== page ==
With impeccable credentials and a reverence for the land, Straka seemed almost inevitable to find the top rung of the course design ladder. Twenty-seven years into his career, he’s arrived.

Why 2022 will be a breakout year: Straka’s profile will skyrocket during his term as ASGCA president. He will represent the organization at industry functions, major championships and on every world stage where the topic is the state and future of golf course architecture. Look for a cascade of kudos in July when Fry/Straka opens the private, 27-hole Union League National Golf Club in southern New Jersey. A reimagining of the former Sand Barrens Golf Club, the exposed sand areas will naturally invite comparisons to Pine Valley, but the elaborate shaping that creates visual and strategic interest comes straight from the minds and hands of the architects.

Richard Mandell's work at Keller Golf Course won Golf Magazine’s 2014 Municipal Renovation of the Year.

Richard Mandell's work at Keller Golf Course won Golf Magazine’s 2014 Municipal Renovation of the Year.

Richard Mandell

I first encountered Richard Mandell in 1992, when he authored an architecture story for a magazine where I was an editor. We finally met in 1997 and finally played golf together in 2014 at Tulsa Country Club, an A.W. Tillinghast design. The fire for all things design burned as intensely that day as it did 22 years prior. Eight more years hence, Mandell is still writing and is at the peak of his design powers. He’s climbed to join the ranks of the most respected renovation and restoration artists, primarily for three simple reasons: 1, He has vast experience; 2, he does consistently good work; and 3, the work comes in on time and on budget.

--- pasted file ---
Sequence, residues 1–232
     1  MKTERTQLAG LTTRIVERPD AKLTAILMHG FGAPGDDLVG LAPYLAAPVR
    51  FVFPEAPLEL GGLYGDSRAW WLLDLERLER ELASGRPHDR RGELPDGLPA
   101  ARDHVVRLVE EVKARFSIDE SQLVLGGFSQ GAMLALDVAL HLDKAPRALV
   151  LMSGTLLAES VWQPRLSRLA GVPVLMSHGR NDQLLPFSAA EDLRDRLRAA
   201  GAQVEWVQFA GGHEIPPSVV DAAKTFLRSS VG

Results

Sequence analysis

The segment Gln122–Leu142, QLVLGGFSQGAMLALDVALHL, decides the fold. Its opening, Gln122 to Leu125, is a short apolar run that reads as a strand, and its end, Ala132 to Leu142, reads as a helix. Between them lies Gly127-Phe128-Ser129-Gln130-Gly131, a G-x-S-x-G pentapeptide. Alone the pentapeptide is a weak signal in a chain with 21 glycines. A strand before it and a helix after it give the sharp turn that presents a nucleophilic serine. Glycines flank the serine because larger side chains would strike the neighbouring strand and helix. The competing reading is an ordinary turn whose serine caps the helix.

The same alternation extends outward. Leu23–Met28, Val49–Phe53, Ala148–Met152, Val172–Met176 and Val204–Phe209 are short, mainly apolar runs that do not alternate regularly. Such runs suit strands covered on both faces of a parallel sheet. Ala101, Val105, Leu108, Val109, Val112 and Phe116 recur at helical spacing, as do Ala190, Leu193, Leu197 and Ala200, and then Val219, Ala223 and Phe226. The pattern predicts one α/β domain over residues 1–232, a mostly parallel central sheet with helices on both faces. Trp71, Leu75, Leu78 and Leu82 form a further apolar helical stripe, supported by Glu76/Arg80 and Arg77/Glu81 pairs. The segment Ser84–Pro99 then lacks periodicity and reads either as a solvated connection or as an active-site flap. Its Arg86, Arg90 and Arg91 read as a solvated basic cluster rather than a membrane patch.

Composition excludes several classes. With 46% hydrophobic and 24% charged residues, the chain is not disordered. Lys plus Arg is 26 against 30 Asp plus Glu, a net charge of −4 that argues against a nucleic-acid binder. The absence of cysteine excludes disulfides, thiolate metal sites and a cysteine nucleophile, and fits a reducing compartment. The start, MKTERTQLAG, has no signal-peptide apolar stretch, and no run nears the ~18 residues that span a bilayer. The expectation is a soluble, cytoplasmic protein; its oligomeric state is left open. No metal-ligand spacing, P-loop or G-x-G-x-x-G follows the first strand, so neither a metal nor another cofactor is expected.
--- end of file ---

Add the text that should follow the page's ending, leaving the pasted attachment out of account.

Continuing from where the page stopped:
After an apprenticeship under two ASGCA past presidents, in 1992 Mandell formed his own firm, which, seven years later, morphed into the Richard Mandell Golf Architecture in Pinehurst, N.C. He formed and helmed the Symposium on Affordable Golf in 2010 and led that effort for six years, with seminars that touched on restoring the joy and simplicity to the game that had seen a deplorable excess of spending. In 2013, he published a lavish, well-received book, The Legendary Evolution of Pinehurst. Golf Inc. magazine named him one of its 15 most influential architects in 2011.

In 2014, his restoration of two-time PGA Championship site Keller Golf Course in Minnesota won Golf magazine’s Municipal Renovation of the Year. In all, Mandell has contributed to more than 60 original and renovation design projects in 13 states and China. So, Mandell is not poised to be an overnight sensation. He simply deserves a bit more ink, given what he’s achieved over 30 years.

“It may be that I got pigeonholed as the ‘affordable’ guy,” Mandell said. “I know that one way our firm is distinguished from others is that we excel in creating something out of nothing, where most people just don’t see a solution. I just happen to believe in really good cost control. We thrive on coming up with solutions that are just as effective as expensive solutions. That calls for creativity.”

Why 2022 will be a breakout year: Mandell’s latest book, Principles of Golf Architecture will be published in late May. What will distinguish this book is that he will define the classic elements of design in art — line, form, shape, color, texture, etc. — and show how they apply to golf architecture.